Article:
A reimagining of the classic horror tale about Carrie White, a shy girl outcast by her peers and sheltered by her deeply religious mother, who unleashes telekinetic terror on her small town after being pushed too far at her senior prom.
Carrie White is a lonely and painfully shy teen-age girl with telekinetic powers who is slowly pushed to the edge of insanity by frequent bullying from both her class-mates and her religious, abusive mother.
Several people are hunted by a cruel serial killer who kills his victims in their dreams. When the survivors are trying to find the reason for being chosen, the murderer won't lose any chance to kill them as soon as they fall asleep.
A young couple move into a new apartment, only to be surrounded by peculiar neighbors and occurrences. When the wife becomes mysteriously pregnant, paranoia over the safety of her unborn child begins controlling her life.
Carrie White is a shy young girl who doesn't make friends easily. After her class mates taunt her about her horrified reaction to her totally unexpected first period one of them takes pity on her and gets Tommy Ross, her boyfriend and class hunk to invite Carrie to the senior prom. Meanwhile another girl who has been banned from the prom for her continued aggressive behaviour is not as forgiving and plans a trick to embarrass Carrie in front of the whole school. What she doesn't realise is that Carrie is ... gifted, and you really don't want to get her angry. Written by
Mark Thompson <firstname.lastname@example.org>
There are several signs posted about the time of the prom, all of which say from 9 - 1. (One says 9 - 1 pm, which, of course, is incorrect.) Sue Snell asks the time at the family dinner on the night of the prom and is told that it is 8 o'clock. Shots immediately before and after the dinner scene show the prom going full swing, even though it is not scheduled to start for another hour. Additionally, it would still be light outside on May 25th at 8 pm. See more »
Carrie? Carrie. Carrie, what's the matter? What happened?
Was it one of the girls? Did one of the girls do something to you?
What is it, then? You can trust me, you know that? Would you tell me?
I got invited to the prom.
That's great! That's fantastic! So what are you down here moping around for?
Tommy Ross asked me.
That's even better. He's really cute, huh?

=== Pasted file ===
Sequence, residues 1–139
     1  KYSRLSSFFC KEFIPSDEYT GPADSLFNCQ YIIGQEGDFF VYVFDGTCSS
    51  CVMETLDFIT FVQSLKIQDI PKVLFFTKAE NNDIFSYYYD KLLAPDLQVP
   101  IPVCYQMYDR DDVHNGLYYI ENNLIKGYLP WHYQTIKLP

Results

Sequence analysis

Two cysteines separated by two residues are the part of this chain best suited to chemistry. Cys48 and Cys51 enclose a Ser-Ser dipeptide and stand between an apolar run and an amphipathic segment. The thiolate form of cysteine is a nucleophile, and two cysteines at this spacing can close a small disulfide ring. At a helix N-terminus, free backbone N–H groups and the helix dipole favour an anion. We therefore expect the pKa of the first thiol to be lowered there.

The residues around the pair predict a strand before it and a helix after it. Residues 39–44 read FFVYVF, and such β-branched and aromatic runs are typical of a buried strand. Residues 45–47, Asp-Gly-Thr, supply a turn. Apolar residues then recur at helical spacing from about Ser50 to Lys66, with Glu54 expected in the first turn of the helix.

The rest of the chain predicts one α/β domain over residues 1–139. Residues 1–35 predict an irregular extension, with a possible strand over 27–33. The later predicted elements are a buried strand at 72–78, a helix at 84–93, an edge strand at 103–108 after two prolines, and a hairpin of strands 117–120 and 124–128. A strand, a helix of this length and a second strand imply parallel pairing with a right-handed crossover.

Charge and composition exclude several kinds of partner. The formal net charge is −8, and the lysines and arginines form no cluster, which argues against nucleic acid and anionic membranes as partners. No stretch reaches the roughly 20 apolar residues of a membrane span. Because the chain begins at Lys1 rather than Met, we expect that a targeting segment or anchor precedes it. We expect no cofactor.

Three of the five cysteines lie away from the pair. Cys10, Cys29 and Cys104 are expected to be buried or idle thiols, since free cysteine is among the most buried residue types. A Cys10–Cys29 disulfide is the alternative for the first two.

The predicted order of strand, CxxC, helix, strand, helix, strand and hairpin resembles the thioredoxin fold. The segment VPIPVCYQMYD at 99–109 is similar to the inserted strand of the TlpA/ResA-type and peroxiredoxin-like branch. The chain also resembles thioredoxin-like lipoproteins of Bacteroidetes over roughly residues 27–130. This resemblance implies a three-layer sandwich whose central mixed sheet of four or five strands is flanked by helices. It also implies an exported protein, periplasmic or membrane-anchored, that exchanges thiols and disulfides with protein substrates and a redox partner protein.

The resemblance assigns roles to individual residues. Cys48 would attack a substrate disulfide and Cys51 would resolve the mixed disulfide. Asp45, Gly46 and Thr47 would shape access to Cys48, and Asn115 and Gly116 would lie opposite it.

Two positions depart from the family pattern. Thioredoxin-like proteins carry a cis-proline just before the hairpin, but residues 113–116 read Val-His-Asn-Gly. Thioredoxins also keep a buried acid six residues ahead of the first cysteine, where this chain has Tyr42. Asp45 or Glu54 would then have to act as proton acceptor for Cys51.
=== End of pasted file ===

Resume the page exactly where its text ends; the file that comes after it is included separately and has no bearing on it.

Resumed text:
I know who he goes around with. They're just trying to trick me again. I know.
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Though cluttered up with crass humor, De Palma's trashy flair and killer instincts make this a classic screamer...
When picked-on high schooler Carrie White discovers to her horror that she's been made the butt of a nasty prank, she unleashes her secret powers at the school prom and all hell literally comes loose. This sequence, filmed in split-screen, is a canny marvel of technical wizardry, twisted imagination and production design (check out that gorgeous blaze that erupts behind Sissy Spacek). The cinematographer lights everything up like fluorescent goodies in a candy-box (the continuity problems with Carrie's appearance here can be overlooked). But Carrie's anger is all encompassing--it's a high school holocaust--and some of her victims are innocents, like the gym teacher (played very sensitively by Betty Buckley). Carrie has become as bad as her enemies, and director Brian De Palma doesn't seem to understand the irony (he's also too interested in girl-peeping, although to his credit nobody comes off looking foolish). The picture is fun on the surface, but has a depressing undermining that is never quite resolved. Spacek's performance in the lead is flawless; Piper Laurie exceptional as her deranged mother (it was her comeback role, Oscar-nominated, yet it nearly typed her as a horror-movie actress); Nancy Allen, P.J. Soles, and William Katt are excellent as Carrie's classmates; Amy Irving is intriguing as schoolmate Sue who just wants to do the right thing (Pauline Kael of The New Yorker complained that Sue's role in the disaster wasn't made clear, but I disagree. I think she's conflicted and guilty and wants to help, wants to see Carrie bask in some of the glory which she helped create). Although an improvement over the Stephen King source novel, "Carrie" isn't perfect and is weighed down somewhat with dirty jokes and cheap laughs. Certainly it is a stylish picture, with beautiful (if repetitive) music by Pino Donaggio, and the final sequence is still being copied today. *** from ****
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